[ |*--------------------------------------------------*-------#########*#*##!*#* *]
    This Result (70th Percentile): 157 ^
    Intel Celeron J4115: 3201 ^ Intel Core i5-4690K: 1138 ^ Intel Core i5-1035G1: 68 ^
    AMD Ryzen 5 2600: 256 ^
    2 x Intel Xeon E5-2696 v3: 415 ^
    2 x Intel Xeon E5-2620 v4: 476 ^
    PROCESSOR: Intel Core i7-4710MQ @ 3.50GHz
    Core Count: 4
    Thread Count: 8
    Extensions: SSE 4.2 + AVX2 + AVX + RDRAND + FSGSBASE
    Cache Size: 6 MB
    Microcode: 0x28
    Core Family: Haswell
    Scaling Driver: intel_cpufreq performance

    Found out that context switching is dependent on several things, of which the scheduler is a big part. These results are obtained by running the benchmark with the CaCule-RDB scheduler. When doing the same benchmark using The default CFS scheduler the average result is about 100 clocks higher (about 250 clocks).

    Leave a comment:


  • curfew
    replied
    Just so you guys are aware, Thermald seems to have a configuration file for choosing the "cooling drivers" and the list also includes pstate and cpufreq. So if you're having problems with one or the other, there is a way to configure in Thermald as well, without having to resort to kernel arguments etc.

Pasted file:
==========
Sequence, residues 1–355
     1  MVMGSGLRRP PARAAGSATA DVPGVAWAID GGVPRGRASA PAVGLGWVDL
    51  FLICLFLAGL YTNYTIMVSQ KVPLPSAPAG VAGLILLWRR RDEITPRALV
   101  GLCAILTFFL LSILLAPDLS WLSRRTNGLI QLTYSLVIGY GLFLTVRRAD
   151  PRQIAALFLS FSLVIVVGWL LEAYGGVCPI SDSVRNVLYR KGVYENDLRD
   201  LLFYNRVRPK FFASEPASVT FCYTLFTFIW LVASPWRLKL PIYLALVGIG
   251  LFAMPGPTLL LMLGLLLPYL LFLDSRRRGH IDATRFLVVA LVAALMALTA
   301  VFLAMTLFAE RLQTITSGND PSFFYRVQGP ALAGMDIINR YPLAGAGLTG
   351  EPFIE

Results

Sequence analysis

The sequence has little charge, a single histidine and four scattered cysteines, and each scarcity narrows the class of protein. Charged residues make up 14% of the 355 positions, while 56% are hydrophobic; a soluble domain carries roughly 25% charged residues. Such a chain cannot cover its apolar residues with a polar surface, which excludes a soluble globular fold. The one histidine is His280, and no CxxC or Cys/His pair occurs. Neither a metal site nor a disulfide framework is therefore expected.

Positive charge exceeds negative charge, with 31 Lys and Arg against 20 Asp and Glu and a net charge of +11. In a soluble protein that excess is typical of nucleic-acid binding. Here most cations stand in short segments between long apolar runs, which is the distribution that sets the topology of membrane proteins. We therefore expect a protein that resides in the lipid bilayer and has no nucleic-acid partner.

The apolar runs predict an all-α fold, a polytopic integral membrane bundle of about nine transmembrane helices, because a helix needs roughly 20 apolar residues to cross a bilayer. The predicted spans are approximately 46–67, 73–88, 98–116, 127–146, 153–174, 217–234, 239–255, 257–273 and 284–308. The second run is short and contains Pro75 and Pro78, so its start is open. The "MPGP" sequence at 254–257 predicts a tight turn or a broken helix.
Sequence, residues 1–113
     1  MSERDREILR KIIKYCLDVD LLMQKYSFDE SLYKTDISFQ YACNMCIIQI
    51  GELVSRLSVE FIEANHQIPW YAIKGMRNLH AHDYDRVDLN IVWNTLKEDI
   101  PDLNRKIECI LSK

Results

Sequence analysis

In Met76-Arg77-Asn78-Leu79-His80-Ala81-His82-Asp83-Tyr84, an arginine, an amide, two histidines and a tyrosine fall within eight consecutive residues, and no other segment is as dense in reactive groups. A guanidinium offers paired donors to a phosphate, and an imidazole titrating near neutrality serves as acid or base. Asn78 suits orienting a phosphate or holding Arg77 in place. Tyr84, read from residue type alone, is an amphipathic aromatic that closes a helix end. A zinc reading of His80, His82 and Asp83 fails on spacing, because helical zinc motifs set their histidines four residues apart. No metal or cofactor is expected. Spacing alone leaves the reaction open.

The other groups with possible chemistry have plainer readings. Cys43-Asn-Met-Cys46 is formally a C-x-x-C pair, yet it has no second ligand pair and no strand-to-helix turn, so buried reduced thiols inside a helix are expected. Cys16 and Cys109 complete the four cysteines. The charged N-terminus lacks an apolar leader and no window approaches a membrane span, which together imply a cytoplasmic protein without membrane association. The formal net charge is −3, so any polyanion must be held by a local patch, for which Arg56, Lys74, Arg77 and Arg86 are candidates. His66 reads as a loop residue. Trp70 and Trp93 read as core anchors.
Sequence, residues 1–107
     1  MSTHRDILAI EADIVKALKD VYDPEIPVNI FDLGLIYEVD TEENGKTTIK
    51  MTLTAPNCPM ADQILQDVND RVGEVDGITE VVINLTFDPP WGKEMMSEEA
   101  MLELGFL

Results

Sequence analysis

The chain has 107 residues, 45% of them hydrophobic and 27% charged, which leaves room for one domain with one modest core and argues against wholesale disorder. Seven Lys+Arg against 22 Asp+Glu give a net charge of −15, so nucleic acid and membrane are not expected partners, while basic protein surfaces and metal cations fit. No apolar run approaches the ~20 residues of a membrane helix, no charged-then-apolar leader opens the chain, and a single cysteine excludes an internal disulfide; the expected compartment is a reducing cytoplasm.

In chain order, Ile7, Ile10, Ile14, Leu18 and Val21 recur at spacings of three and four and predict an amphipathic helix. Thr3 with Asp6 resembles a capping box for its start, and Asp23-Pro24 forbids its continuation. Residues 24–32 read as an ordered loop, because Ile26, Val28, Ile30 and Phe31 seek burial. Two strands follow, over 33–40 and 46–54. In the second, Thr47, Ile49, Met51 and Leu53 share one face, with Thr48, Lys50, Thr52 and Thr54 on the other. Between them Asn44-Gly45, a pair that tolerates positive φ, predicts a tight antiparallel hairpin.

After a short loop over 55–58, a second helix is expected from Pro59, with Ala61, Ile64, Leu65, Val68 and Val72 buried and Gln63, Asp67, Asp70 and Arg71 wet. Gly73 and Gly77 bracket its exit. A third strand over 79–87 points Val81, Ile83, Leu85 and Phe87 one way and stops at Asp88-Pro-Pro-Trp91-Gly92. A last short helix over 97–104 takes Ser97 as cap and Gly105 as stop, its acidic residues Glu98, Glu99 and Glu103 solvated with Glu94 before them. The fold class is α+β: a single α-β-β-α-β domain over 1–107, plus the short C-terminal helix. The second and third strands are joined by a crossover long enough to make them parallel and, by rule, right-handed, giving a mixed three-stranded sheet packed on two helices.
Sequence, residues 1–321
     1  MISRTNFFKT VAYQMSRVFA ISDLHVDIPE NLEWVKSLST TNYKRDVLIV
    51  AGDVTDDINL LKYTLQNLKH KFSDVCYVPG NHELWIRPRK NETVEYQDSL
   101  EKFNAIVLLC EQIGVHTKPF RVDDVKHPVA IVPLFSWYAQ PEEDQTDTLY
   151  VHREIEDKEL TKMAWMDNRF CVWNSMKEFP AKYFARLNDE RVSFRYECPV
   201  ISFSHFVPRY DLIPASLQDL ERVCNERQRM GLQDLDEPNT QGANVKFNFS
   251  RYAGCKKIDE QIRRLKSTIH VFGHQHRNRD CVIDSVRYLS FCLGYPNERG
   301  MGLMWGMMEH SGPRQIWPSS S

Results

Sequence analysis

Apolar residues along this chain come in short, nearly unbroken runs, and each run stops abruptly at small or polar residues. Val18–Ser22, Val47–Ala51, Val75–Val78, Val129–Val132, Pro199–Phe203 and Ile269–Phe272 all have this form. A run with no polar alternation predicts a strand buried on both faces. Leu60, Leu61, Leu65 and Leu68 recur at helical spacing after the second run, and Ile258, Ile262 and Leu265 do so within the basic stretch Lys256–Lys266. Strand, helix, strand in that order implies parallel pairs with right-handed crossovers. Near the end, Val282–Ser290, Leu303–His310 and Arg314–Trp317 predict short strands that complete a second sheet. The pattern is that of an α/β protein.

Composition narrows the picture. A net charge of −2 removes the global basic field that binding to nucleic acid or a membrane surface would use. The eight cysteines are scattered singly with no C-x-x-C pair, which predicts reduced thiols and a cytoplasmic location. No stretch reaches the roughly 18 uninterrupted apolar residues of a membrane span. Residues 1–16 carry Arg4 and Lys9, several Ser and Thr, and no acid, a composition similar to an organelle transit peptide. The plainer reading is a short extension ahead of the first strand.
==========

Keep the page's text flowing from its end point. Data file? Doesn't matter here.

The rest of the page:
Leave a comment:


  • curfew
    replied
    Originally posted by kcrudup View Post
    Only thing that worries me about undervolting is the inability to tell when you cross the line from "saving power" to "instability".
    I've been bitten by this in a nasty way a few times. Basically my system is very stable in my daily use, but for some reason installing system updates would often trigger a crash, causing system-wide corruption. Ability to recover is purely down to luck with at which point it crashed... I am now running safer undervolting to avoid this.

    Leave a comment:


  • kcrudup
    replied
    Only thing that worries me about undervolting is the inability to tell when you cross the line from "saving power" to "instability".

    Leave a comment:


  • t.s.
    replied
    intel-undervolt (for intel system), everyone? I've undervolt my i3-7100u, CPU, CPU Cache & GPU by 100mv. Quite stable for now, and hope it's slash my power consumption and heat.

    Edit: Tried it with 4800MQ with just ~50mv

    Leave a comment:


  • kcrudup
    replied
    FWIW, I've disabled thermald and instead use a program called "Throttled" ([email protected]:erpalma/throttled.git) instead. I use it to set Max TDP on AC to 40W and 28W on Battery along with max temp to 95C on my XPS 7390 2-in-1 and it works great.

    Leave a comment: